The final, last, and ultimate season of Bosch has just dropped on Amazon Prime, which I don’t know about you but it was a surprise to me. Amazon are very, very bad at curating their own shows, and you do wonder if there’s anyone over there with their eye on the ball. You’d think, since I’ve used my account to watch the previous six seasons, that they might have dropped something on the Amazon home screen for me, but no. Just adverts for no-name kitchen gadgets that would take up space in the cupboard for a few years and then end up in a landfill.
Still, Bosch is always welcome, notwithstanding the fact that it is under-watched, under-appreciated, and underrated. By now, the producers have reached one of the more recent books, so this story was fairly fresh in my mind.
I was just contemplating, as I sometimes do, whether to delete a couple of posts from this blog because they generate a lot of follow-spam, which is what happens if you make it impossible for spam comments to appear on your blog. Instead, you get lots and lots of follows and “likes” from trashy bot-created content-scraping web sites. It doesn’t create work, but it does irritate the hell out of me. What does this have to do with Bosch? Just that, my various reviews of this series do generate a steady flow of what I assume are real human visitors, curious about whether this under-publicised and under-discussed show is any good.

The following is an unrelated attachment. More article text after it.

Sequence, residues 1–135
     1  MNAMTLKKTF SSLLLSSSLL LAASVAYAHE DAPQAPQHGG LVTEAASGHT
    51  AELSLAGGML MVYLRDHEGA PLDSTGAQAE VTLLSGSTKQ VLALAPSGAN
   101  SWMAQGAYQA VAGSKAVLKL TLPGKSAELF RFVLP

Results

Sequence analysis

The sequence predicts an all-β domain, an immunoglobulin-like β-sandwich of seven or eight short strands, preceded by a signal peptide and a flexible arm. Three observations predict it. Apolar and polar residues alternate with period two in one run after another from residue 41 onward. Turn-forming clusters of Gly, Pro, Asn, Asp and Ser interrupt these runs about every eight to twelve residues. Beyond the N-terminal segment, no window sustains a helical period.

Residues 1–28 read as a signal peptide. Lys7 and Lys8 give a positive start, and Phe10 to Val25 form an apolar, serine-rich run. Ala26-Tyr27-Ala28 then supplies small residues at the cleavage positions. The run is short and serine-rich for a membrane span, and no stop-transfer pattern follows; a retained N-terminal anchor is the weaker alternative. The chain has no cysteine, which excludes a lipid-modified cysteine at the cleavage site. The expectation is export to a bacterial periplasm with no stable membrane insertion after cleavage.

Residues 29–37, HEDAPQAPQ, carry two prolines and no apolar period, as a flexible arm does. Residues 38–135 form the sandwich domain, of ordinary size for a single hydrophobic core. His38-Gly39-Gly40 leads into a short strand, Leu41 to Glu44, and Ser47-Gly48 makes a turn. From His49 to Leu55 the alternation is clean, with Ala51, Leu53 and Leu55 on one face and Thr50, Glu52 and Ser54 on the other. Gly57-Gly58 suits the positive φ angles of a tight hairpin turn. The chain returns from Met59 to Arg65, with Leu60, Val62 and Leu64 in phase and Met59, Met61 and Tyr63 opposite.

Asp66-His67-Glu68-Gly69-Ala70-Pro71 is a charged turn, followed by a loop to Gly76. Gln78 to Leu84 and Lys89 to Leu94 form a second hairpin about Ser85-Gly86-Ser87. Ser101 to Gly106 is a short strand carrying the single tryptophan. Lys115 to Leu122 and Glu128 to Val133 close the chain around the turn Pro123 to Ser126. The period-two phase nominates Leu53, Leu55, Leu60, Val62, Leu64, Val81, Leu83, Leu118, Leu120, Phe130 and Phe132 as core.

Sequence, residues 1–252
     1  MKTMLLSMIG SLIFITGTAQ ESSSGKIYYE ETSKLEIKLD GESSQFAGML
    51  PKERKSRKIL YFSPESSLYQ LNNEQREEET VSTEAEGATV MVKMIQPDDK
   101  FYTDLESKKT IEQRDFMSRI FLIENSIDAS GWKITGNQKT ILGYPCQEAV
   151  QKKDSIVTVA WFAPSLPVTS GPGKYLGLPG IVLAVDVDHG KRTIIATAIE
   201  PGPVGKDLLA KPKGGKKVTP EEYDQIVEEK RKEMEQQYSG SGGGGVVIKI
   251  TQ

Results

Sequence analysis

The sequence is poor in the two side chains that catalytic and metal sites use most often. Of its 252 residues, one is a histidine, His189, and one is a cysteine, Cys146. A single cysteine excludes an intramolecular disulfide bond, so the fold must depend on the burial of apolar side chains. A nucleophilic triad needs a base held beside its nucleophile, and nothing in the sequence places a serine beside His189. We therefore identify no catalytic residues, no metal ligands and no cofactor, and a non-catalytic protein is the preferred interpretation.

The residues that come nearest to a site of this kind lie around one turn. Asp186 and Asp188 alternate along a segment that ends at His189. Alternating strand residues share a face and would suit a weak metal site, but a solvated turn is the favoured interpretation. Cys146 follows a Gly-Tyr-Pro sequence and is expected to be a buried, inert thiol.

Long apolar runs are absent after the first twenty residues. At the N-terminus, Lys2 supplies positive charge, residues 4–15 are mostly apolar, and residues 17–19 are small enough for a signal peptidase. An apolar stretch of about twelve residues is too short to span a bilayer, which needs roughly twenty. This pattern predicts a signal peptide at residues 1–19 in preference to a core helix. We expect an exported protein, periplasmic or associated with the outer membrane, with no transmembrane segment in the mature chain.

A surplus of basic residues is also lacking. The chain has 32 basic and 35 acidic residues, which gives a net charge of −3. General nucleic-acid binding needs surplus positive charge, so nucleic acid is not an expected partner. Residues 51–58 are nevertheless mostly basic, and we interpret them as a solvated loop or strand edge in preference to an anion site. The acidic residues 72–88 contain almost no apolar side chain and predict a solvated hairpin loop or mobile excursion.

It is. But Season 7, I think, does feel a bit brusque and hand-washy, so it’s not without its faults.
In brief: Season 7 is (very loosely) based on The Burning Room (Bosch #17), which was published in novel form in 2014. In reality, the connection to the novel is tenuous, and mostly this is a continuation of earlier story threads, and most particularly a continuation of Bosch’s antagonistic relationship with the FBI, who infuriate him by protecting suspects and claiming it is for ‘the greater good’. From Bosch’s point of view, this is always an inversion because he cares more about victims of crime than he does crime syndicates. Anyway, most of the plot and many of the characters of the novel are jettisoned in favour of a kind of similar apartment fire but that’s more or less it.
Titus Welliver and the rest of the cast are still good, and I’m not sure saying this is the final season means that we’ve seen the last of the character, but still. This does feel like a wrap. And this is partly why it feels a bit rushed, because you can kind of see the end coming, and it is all over fairly quickly.
1. There are only 8 episodes, and the longest of them is 50 minutes, meaning that this show ends up feeling more like a modern 5-parter. You barely notice the transitions between episodes. The title sequence usually took me by surprise.
2. The richness and complexity of early seasons, usually based on three of the novels, is replaced by what feels like standard continuity of plot and character – in order to get it done.
3. You don’t really get the sense that the loving photography of Los Angeles is something they think about anymore.
4. The #metoo harassment sub-plot feels especially superficial and deserved more serious treatment.
I still enjoyed it, and I’ll watch what comes next (Lincoln Lawyer? Ballard and Bosch?), I just wish there was more of this that I could make last longer.